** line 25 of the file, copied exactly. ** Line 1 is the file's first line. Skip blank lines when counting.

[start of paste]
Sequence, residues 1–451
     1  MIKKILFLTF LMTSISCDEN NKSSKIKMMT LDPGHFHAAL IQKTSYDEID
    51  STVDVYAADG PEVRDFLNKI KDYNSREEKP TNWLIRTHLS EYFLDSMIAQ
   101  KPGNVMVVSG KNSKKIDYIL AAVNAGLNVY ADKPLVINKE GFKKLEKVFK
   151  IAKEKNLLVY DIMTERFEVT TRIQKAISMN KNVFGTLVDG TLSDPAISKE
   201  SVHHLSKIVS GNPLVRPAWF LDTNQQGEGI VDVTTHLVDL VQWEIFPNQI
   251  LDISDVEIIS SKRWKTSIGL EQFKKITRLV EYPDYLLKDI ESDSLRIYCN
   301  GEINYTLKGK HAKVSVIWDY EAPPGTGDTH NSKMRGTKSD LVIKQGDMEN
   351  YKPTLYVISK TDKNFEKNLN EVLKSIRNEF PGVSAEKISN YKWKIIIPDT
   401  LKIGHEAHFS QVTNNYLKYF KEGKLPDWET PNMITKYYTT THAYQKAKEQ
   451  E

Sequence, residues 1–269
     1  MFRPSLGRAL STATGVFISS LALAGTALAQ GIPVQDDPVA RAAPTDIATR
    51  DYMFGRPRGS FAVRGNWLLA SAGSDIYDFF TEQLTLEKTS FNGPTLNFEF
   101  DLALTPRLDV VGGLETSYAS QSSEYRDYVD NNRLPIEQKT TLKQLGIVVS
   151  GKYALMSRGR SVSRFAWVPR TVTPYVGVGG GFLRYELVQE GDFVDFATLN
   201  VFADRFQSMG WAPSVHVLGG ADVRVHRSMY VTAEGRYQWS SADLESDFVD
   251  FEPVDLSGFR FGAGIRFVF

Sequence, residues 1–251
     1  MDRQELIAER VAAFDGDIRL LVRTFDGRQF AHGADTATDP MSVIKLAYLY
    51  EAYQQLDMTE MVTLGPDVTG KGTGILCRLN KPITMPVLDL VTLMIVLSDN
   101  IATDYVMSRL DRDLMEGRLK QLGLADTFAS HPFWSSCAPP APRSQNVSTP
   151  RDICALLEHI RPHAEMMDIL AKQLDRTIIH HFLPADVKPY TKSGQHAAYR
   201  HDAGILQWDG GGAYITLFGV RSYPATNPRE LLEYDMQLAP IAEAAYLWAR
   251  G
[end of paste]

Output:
   251  G